For Uttar Pradesh, the challenge was not always the vaccines available, for with the Centre taking over the procurement in early June, the logistics was more or less dealt with. However, it was the lack of awareness amongst people about Covid even after the second wave, and the growing hesitancy, one encouraged by political opponents as well, that the state government had to strive to overcome.
Turns out, this was not the first time the Chief Minister was faced with a challenge when it came to propagating awareness against an unknown disease.
Speaking to Swarajya, Dr Sudesh Verma, state entomologist, narrated his experience of working closely with the Chief Minister from his days as the Member of Parliament for Gorakhpur and how Adityanath’s experience in dealing with the healthcare issues in his constituency, especially with respect to Japanese Encephalitis, came in handy during the vaccination drive.
During his tenure as the MP of Gorakhpur around the early 2000s, Adityanath hosted a public meeting every Saturday and Sunday to interact with the people in villages, and to understand their problems when it came to healthcare infrastructure. One of the areas that interested Adityanath back then as it does today, as told by Dr Verma, was that of child nutrition.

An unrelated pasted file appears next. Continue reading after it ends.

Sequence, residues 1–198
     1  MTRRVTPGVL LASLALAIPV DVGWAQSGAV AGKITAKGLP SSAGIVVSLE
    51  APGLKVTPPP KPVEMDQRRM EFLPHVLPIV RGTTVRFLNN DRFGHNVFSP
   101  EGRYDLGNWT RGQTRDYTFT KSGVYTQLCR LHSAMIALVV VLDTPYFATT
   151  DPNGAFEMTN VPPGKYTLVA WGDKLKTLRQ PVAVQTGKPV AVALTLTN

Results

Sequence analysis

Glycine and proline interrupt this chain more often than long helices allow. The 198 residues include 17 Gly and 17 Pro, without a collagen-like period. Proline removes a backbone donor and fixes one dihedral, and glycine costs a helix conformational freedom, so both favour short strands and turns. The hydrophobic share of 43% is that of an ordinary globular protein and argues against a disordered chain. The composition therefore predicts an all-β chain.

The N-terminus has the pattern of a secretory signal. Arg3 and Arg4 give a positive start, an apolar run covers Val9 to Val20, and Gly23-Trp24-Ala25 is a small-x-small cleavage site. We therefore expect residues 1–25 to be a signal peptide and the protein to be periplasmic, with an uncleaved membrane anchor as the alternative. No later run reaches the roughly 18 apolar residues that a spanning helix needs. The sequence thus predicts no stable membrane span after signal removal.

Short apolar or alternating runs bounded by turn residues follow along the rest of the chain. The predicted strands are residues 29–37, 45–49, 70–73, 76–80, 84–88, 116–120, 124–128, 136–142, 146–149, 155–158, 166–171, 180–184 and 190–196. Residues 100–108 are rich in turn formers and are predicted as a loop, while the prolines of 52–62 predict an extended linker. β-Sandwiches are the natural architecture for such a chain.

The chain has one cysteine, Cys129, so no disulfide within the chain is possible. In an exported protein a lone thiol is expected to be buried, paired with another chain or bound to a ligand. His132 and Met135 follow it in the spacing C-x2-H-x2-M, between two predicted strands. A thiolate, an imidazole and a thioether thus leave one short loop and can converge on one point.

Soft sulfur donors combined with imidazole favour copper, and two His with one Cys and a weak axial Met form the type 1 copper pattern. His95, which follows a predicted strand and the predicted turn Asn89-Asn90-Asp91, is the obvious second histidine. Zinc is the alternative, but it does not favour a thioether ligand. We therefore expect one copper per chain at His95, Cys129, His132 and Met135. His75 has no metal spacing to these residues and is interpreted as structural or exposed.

The early 2000s were not a great time for the backward areas of Purvanchal, given there was no proper policy on child nutrition, and for a long period of time, the region had been implementing a weak health policy, the reflection of which was evident in the repeated failed handling of Japanese Encephalitis.
For a long time, the National Institute of Virology in Pune was alone equipped to understand the causality behind the disease that consumed as many as 3,000 lives in 2004 alone. Under Yogi Adityanath, as Dr Verma stated, Gorakhpur saw the inception of a field institute of NIV-Pune in 2008. Post-2017, the institute was upgraded as a full-fledged independent regional medical research centre.
Speaking of Purvanchal, Dr Verma further added that each district had ventilators due to the problem of encephalitis, and when the Covid-19 pandemic hit the region, the upgradation of the healthcare infrastructure was relatively easy.
To further aid the citizens in the region, Adityanath encouraged people to operate community kitchens to offer free food to the ones with relatives or family members in hospitals, along with making other resources available for the economically weaker sections.
One of the prophecies predicting doom for India’s vaccination drive was linked with the inequality of accessibility for the economically weaker sections. Recognising the problem, the UP government ensured that teams travelled to every village from district hospitals to make people aware about the disease and the imminent threat from it.